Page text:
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"Reuben" "Strayer"

Bradley D Shy, Aldo Gutierrez, Reuben J Strayer
No abstract text is available yet for this article.
November 2015: Journal of Emergency Medicine
Christian A Pean, Keithara Davis, Robert Merrill, Brett Marinelli, Allison Lockwood, Zara Mathews, Reuben J Strayer, GeneviƩve Poitevien, Jennifer Galjour
BACKGROUND: During a 3-year time frame, a partnership between medical trainees in Haiti and the United States was forged with the objective of implementing an emergency response skills curriculum at a medical school in Port-au-Prince. The effort sought to assess the validity of a near-peer, bidirectional, cross-cultural teaching format as both a global health experience for medical students and as an effective component of improving medical education and emergency response infrastructure in developing countries such as Haiti...
March 2015: Annals of Global Health
Christopher R Tainter, Alan W Huang, Reuben J Strayer
BACKGROUND: Isolated distal deep vein thrombosis (DVT) is not traditionally viewed as a potentially life-threatening condition. There are conflicting recommendations regarding its evaluation and treatment, and wide variability in clinical practice. The presentation of this case highlights the fatal potential of this condition. CASE REPORT: This is the report of a previously healthy young woman who presented to the emergency department with calf pain concerning for a DVT...
February 2015: Journal of Emergency Medicine
Bradley D Shy, Jason S Shapiro, Peter L Shearer, Nicholas G Genes, Cindy F Clesca, Reuben J Strayer, Lynne D Richardson
For more than 25 years, emergency medicine researchers have examined 72-hour return visits as a marker for high-risk patient visits and as a surrogate measure for quality of care. Individual emergency departments frequently use 72-hour returns as a screening tool to identify deficits in care, although comprehensive departmental reviews of this nature may consume considerable resources. We discuss the lack of published data supporting the use of 72-hour return frequency as an overall performance measure and examine why this is not a valid use, describe a conceptual framework for reviewing 72-hour return cases as a screening tool, and call for future studies to test various models for conducting such quality assurance reviews of patients who return to the emergency department within 72 hours...
January 2015: American Journal of Emergency Medicine
Reuben J Strayer, Bradley D Shy, Peter L Shearer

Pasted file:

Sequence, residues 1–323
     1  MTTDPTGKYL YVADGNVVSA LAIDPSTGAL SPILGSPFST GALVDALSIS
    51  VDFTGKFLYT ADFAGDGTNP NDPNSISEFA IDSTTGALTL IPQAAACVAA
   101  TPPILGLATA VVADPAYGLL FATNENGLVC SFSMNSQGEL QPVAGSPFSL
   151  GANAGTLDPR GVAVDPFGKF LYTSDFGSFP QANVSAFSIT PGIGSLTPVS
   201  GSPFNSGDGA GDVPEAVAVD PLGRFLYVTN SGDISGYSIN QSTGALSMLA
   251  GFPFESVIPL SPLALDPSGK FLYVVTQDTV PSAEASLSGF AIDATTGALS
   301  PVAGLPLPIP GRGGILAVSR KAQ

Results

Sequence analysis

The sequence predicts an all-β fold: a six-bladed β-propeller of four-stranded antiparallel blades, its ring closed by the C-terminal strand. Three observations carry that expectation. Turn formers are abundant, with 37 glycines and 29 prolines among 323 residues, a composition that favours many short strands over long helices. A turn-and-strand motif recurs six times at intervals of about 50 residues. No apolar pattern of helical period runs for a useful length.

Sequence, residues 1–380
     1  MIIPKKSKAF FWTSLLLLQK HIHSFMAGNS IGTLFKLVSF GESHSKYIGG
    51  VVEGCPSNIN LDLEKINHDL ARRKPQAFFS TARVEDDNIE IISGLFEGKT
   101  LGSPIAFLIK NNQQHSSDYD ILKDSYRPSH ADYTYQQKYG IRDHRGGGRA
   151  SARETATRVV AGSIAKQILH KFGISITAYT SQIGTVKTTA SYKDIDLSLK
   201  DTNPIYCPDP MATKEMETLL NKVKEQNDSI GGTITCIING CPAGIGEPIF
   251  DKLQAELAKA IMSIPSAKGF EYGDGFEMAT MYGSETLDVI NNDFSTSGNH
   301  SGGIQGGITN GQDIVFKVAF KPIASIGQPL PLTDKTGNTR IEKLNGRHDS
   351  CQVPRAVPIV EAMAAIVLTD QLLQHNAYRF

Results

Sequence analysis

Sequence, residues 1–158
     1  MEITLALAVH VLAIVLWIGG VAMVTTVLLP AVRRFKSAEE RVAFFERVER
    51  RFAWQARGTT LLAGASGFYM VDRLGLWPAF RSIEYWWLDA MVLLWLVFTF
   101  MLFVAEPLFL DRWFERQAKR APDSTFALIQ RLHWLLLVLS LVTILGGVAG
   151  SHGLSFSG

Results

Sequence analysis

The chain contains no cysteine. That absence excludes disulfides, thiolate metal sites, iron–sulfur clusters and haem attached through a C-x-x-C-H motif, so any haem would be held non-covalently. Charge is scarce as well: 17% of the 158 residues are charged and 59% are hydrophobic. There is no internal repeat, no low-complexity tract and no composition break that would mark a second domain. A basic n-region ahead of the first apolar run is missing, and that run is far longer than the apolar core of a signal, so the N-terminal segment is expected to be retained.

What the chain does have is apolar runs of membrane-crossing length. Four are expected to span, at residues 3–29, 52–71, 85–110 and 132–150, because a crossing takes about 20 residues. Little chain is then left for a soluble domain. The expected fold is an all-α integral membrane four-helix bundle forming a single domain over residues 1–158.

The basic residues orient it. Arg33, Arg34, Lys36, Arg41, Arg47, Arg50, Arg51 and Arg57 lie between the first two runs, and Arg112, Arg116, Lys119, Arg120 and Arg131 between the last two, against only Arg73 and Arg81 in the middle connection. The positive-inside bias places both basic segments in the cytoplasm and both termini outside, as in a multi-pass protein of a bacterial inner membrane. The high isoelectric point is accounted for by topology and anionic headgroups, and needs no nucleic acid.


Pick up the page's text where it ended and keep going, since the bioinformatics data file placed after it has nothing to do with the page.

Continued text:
BACKGROUND: Evaluating the quality of care as part of a quality improvement process is required in many clinical environments by accrediting bodies. It produces metrics used to evaluate department and individual provider performance, provides outcomes-based feedback to clinicians, and identifies ways to reduce error. DISCUSSION: To improve patient safety and train our residents to perform peer review, we expanded our quality assurance program from a narrow, administrative process carried out by a small number of attendings to an educationally focused activity of much greater scope incorporating all residents on a monthly basis...
December 2014: Journal of Emergency Medicine
Reuben J Strayer, Peter L Shearer, Luke K Hermann
Acute aortic dissection (AAD) is a rare and lethal disease with presenting signs and symptoms that can often be seen with other high risk conditions; diagnosis is therefore often delayed or missed. Pain is present in up to 90% of cases and is typically severe at onset. Many patients present with acute on chronic hypertension, but hypotension is an ominous sign, often reflecting hemorrhage or cardiac tamponade. The chest x-ray can be normal in 10-20% of patients with AAD, and though transthoracic echocardiography is useful if suggestive findings are seen, and should be used to identify pericardial effusion, TTE cannot be used to exclude AAD...
May 2012: Current Cardiology Reviews
Reuben J Strayer, Lewis S Nelson
STUDY OBJECTIVES: Ketamine is widely used as a procedural sedation agent in pediatrics, where its safety and efficacy are supported by numerous studies. Emergency physicians use ketamine infrequently in adults, as it is believed to have a more significant side effect profile in this population. However, adult data on ketamine use in the emergency medicine literature are sparse. Our objective was to determine ketamine's adverse effect profile in adults when used for procedural sedation...
November 2008: American Journal of Emergency Medicine
Reuben J Strayer, Eddy S Lang
No abstract text is available yet for this article.
May 2006: Annals of Emergency Medicine
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